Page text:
Professor Yongxin Zhu
Founder, New Education Initiative (NEI)
Yidan Prize for Education Development
Teacher professional development, Student well-being, Primary and secondary education, Literacy
A collaborative approach that champions personal growth and well-being
As part of NEI’s program, students, teachers, and parents read and write together. Its program also includes an extended school library, where the student’s wider community can come and learn together. NEI helps parents support learners and promotes a growth mindset, transforming homes into positive learning environments.
NEI’s method boosts student’s motivation with tangible impact on learning outcomes. Research shows that NEI school students performed showed measurable uplift in reading interest, abilities, habits, and the sense of belonging at school.
Over the past two decades, Professor Zhu has made a huge impact on China’s education landscape and beyond, with his books now translated into 28 languages. His 20 plus monographs—such as Future Schools and To Teachers—have been published in over 40 countries and regions. He’s also been named the national “Spokesperson of Reading for All” and won the IBBY-iRead Outstanding Reading Promoter Award in 2020.
“Professor Zhu is successfully addressing some of the most intractable challenges in education: improving equity and inclusiveness. His work encourages an appreciation of the value of learning for personal growth by improving reading, writing and communication. He has succeeded in gradually changing how teachers approach professional development and how students learn in classrooms and at home. Perhaps most importantly, he reminds us of the importance of joy and well-being for every learner.”
Ms Dorothy K. Gordon
Panel Head, Judging Panel for Education Development, Yidan Prize
My warmest congratulations to Professor Yongxin Zhu, the 2022 Yidan Prize Laureate for Educational Development. As founder of New Education Initiative (NEI), Professor Zhu has successfully addressed some of the most intractable challenges faced by educators all over the world as they strive for improved equity and inclusiveness. His work has focused on multi-level systemic reform, empowering students, teachers, and parents to work together while emphasising individual well-being and personal growth. In his words: “the ultimate goal of education is a happy and fulfilled life”.
In 20 years, NEI has grown from a single school to an active network involving over 8,000 schools, more than half a million teachers and 8 million children—many based in remote, rural areas. Thousands of dedicated volunteers and several research institutes back this work, and the organization benefits from a strong governance structure under the New Education Institute.
NEI methods bridge the gap between education theory and practice by continually adjusting and refining teaching techniques based on research. Anchored on improving reading, writing and communication, they work to gradually change how teachers approach professional development and how students learn—including fostering a positive learning culture at home. This boosts both student and teacher motivation and improves learning outcomes.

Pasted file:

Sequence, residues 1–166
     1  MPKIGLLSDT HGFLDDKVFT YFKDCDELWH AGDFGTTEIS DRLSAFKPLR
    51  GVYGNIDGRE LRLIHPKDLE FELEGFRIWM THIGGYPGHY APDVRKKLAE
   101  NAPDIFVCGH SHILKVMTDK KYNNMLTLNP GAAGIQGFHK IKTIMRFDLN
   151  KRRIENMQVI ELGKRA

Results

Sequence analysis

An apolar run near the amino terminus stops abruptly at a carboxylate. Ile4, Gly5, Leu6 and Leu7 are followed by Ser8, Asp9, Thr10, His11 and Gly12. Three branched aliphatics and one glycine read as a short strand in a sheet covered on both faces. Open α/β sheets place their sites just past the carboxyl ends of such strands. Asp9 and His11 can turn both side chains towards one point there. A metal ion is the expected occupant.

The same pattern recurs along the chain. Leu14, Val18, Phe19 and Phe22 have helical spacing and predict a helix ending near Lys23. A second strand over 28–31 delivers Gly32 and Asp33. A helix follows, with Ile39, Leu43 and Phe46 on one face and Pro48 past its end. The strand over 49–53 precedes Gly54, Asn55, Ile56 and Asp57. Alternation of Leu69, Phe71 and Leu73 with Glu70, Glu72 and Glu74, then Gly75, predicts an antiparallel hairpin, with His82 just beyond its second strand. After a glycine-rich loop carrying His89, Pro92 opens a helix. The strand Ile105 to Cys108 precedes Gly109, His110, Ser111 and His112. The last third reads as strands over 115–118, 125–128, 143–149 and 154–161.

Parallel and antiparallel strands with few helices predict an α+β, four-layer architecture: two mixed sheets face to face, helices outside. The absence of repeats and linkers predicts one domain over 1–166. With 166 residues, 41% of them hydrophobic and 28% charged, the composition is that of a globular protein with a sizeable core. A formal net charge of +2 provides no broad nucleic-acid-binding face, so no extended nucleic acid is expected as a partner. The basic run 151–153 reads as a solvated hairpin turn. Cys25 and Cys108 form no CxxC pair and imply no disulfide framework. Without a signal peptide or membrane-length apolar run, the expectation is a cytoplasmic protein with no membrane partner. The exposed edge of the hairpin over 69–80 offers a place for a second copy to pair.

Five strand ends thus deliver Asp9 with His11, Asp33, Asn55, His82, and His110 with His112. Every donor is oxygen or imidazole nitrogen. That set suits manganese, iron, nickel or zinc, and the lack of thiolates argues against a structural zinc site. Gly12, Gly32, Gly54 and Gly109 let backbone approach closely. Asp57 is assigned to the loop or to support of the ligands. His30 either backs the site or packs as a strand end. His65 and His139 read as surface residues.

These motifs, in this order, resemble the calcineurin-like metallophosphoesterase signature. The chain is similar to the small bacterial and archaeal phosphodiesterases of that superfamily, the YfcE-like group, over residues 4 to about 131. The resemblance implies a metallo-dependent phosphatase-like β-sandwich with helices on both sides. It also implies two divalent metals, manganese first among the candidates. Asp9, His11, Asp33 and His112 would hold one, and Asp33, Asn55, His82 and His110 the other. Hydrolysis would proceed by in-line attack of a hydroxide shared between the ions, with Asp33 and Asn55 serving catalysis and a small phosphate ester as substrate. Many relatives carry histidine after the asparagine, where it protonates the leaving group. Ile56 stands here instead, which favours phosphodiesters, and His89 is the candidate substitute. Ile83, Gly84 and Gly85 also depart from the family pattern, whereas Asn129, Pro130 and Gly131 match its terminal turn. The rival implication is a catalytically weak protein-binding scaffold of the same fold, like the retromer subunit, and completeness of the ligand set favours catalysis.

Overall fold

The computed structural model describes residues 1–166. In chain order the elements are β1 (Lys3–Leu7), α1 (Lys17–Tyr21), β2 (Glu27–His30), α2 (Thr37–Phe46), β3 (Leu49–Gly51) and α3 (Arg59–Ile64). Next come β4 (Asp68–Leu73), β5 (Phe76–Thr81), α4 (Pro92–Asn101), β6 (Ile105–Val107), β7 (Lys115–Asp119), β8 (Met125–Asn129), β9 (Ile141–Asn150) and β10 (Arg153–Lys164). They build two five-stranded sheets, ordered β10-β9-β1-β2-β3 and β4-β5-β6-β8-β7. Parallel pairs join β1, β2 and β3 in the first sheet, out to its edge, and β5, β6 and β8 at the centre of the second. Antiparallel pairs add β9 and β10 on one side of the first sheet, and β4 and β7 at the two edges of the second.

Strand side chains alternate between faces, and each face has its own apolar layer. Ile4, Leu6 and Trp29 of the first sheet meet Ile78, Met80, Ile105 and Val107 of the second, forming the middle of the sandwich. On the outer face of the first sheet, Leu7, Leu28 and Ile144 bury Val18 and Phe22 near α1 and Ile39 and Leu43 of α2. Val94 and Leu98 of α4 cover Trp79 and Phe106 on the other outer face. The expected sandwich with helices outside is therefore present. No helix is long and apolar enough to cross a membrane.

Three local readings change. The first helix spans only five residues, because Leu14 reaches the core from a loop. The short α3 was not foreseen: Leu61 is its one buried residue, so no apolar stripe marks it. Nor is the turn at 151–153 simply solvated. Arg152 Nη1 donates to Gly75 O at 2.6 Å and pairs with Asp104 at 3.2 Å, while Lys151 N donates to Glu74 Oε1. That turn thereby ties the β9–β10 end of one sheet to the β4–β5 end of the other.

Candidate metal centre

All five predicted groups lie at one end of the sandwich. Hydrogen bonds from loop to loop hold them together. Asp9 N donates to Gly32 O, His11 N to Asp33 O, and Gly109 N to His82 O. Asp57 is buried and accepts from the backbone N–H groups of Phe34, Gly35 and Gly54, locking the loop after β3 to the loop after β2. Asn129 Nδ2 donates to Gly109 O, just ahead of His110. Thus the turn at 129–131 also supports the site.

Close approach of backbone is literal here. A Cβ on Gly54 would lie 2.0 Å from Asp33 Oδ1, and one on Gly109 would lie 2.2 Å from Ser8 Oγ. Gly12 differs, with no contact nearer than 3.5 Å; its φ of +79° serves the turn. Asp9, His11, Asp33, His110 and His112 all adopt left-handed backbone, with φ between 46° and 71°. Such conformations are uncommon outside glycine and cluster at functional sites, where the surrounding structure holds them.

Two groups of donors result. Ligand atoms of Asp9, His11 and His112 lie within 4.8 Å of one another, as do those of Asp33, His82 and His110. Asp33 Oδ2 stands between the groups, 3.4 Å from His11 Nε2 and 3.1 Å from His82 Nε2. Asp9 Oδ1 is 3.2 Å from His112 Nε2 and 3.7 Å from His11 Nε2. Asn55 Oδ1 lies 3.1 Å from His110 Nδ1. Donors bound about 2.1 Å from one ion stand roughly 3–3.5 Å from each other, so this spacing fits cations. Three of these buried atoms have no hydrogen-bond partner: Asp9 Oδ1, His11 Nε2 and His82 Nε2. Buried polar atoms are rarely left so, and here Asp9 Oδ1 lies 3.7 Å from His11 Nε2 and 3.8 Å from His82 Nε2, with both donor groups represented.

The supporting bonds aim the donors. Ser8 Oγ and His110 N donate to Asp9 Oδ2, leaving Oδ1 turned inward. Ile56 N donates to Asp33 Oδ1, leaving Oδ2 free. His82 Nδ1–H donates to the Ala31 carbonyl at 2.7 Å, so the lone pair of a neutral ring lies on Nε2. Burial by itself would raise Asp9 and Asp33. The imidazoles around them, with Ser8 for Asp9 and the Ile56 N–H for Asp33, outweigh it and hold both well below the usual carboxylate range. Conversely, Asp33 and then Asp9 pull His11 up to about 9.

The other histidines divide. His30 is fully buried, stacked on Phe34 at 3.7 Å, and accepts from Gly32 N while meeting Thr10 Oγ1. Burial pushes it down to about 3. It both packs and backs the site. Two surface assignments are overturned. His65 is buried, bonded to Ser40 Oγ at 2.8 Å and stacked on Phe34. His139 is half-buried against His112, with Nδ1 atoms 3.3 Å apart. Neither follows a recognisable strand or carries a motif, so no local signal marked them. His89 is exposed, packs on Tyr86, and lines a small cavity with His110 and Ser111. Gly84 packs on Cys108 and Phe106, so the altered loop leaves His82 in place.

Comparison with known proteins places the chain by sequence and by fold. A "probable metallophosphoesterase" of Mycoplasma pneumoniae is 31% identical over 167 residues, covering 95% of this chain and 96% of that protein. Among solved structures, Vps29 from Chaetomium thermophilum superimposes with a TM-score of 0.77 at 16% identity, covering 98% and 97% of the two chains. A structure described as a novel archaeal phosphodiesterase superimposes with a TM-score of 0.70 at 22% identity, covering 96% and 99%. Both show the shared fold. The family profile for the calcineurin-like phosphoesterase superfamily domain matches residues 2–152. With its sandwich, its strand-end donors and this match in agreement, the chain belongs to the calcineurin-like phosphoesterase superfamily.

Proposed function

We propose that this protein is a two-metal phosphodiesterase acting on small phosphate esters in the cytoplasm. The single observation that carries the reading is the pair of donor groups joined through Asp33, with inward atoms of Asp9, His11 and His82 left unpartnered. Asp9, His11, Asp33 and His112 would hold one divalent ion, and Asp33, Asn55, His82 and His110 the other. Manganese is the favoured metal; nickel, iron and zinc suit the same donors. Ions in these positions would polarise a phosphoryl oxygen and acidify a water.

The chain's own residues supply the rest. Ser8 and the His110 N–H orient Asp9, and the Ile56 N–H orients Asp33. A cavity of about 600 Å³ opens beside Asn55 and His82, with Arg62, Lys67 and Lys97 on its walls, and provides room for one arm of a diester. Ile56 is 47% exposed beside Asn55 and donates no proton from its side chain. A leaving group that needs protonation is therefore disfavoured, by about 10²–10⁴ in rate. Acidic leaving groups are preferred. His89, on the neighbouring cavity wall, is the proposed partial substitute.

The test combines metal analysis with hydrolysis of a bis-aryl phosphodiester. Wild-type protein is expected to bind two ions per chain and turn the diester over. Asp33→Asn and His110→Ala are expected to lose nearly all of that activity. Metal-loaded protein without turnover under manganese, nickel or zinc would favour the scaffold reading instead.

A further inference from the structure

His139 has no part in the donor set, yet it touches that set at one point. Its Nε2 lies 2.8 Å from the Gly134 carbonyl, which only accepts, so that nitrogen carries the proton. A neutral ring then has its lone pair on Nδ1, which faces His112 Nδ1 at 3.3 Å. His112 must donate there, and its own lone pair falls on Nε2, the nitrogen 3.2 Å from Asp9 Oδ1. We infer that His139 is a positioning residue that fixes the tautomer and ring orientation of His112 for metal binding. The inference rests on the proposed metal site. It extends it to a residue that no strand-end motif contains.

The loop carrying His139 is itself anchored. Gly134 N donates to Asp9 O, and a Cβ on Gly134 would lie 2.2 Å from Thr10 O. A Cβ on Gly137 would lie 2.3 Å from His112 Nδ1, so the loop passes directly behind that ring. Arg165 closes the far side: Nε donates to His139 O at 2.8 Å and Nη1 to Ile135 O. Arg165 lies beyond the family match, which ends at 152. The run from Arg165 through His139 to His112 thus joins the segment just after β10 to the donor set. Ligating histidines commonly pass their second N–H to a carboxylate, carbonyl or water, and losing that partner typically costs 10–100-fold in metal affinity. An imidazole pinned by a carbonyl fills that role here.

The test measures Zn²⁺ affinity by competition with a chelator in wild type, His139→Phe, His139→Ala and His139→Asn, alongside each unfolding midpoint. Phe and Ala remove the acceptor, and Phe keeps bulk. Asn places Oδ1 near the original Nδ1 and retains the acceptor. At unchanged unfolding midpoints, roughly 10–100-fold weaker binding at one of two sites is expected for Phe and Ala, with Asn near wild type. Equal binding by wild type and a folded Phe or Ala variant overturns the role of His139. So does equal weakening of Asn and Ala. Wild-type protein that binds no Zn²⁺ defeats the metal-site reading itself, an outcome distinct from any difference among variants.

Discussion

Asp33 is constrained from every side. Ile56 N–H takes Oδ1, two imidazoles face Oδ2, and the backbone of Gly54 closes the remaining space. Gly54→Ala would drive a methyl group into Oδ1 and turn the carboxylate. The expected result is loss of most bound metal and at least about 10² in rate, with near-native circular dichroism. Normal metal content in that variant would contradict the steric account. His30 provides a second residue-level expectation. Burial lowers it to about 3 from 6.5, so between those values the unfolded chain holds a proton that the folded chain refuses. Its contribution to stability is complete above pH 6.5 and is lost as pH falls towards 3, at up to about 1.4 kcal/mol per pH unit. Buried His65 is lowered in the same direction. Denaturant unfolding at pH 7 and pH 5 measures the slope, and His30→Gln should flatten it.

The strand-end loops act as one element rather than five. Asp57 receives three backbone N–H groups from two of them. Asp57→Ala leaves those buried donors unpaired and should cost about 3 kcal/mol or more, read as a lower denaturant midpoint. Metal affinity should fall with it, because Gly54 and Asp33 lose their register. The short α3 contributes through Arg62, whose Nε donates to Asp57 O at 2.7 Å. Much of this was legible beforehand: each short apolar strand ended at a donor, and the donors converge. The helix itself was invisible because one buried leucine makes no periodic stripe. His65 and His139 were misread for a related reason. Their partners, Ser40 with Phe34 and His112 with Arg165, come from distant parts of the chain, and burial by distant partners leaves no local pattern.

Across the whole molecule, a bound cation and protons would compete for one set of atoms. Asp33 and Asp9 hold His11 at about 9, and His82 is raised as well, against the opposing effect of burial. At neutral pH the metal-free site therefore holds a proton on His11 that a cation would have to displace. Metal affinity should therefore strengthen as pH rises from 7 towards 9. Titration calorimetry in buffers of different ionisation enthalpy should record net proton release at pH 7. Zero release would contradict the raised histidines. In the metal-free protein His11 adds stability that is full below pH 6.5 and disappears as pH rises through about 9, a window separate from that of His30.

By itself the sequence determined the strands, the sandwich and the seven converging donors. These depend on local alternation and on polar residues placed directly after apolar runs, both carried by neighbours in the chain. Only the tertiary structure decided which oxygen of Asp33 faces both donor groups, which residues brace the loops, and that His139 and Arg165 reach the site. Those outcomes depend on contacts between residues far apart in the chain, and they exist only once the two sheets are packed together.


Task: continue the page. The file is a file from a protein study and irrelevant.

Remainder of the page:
Through the NEI’s ‘Teacher Growth Model’, Professor Zhu also tackles the real global problem of teacher burnout. With access to reading catalogues, resources, platforms and virtual colleges, teachers read and reflect, write and share – keeping frontline educators connected to the latest academic research. And they build a professional development community, preventing rural teachers from feeling isolated and undervalued. Educators in many countries could benefit from studying the NEI approach to teacher motivation and empowerment.
Reading and working together are also central to the ‘Learning Well Being Toolkit’ for students, teachers, and parents. The extended school library offers on-campus and after-school learning resources and uses innovative teaching and learning techniques such as students and teachers writing essays together and shared reading between parents and children. By bringing a learner’s whole community together, NEI’s approach transforms home environments into positive learning spaces, promotes a growth mindset, and fosters a collaborative, compassionate approach to citizenship. This collaborative approach of working together towards clear learning goals encourages a deepening of education outcomes beyond a focus on teaching to-test and exams.
Schools from all levels of the socio-economic spectrum have benefited from this set of interventions. And the results are tangible, with measurable impact in improving learning outcomes for both teacher professional development and for students.
There are too many dimensions of NEI to detail here. Fortunately, the rest of its work is well documented in Professor Yongxin Zhu’s publications. His books have shaped thinking around education all over the world. And evaluation studies carried out by institutes in Asia have seen NEI’s experiences influence policy. Looking ahead, Professor Zhu plans a cloud-based learning hub to support teacher professional development, building on the experiences of remote learning during the pandemic.
I take this opportunity to congratulate Professor Yongxin Zhu on his life’s work. His commitment to an inclusive and holistic approach is simply inspiring. Many countries will find examples within China that can provide ideas and solutions for similar environments in their own countries.
His persistence in working in the most challenging contexts demonstrates that our greatest tools for transforming education are our minds and mindsets. Perhaps most importantly, he reminds us of the importance of joy and wellbeing for each and every learner. On behalf of the judging panel I wish him and his colleagues continued growth and success in their work.